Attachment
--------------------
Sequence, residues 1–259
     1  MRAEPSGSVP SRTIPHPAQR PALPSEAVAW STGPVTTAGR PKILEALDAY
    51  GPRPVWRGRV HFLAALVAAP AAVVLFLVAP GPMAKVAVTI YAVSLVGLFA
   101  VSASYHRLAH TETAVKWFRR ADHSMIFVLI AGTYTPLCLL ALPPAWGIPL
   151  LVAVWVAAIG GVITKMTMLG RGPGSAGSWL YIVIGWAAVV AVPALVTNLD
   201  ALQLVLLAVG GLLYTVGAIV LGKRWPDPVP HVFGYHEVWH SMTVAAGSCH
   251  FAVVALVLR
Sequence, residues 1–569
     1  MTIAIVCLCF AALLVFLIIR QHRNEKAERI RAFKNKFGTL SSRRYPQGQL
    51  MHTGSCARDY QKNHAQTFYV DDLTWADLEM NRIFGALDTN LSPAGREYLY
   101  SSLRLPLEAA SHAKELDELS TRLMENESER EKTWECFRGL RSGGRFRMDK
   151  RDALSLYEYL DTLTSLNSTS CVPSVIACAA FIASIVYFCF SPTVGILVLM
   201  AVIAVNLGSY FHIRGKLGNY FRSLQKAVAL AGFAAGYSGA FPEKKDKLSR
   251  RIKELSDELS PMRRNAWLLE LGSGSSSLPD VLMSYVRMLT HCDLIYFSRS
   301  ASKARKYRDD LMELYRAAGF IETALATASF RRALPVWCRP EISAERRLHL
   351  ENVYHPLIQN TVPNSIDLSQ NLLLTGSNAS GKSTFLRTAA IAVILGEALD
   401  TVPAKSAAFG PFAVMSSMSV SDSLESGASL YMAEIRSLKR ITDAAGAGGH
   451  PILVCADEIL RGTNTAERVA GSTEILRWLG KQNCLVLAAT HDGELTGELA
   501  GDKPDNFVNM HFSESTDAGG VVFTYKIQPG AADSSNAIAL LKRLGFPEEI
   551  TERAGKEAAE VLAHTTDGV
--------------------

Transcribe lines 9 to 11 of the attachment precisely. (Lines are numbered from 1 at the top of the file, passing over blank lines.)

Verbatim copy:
     1  MTIAIVCLCF AALLVFLIIR QHRNEKAERI RAFKNKFGTL SSRRYPQGQL
    51  MHTGSCARDY QKNHAQTFYV DDLTWADLEM NRIFGALDTN LSPAGREYLY
   101  SSLRLPLEAA SHAKELDELS TRLMENESER EKTWECFRGL RSGGRFRMDK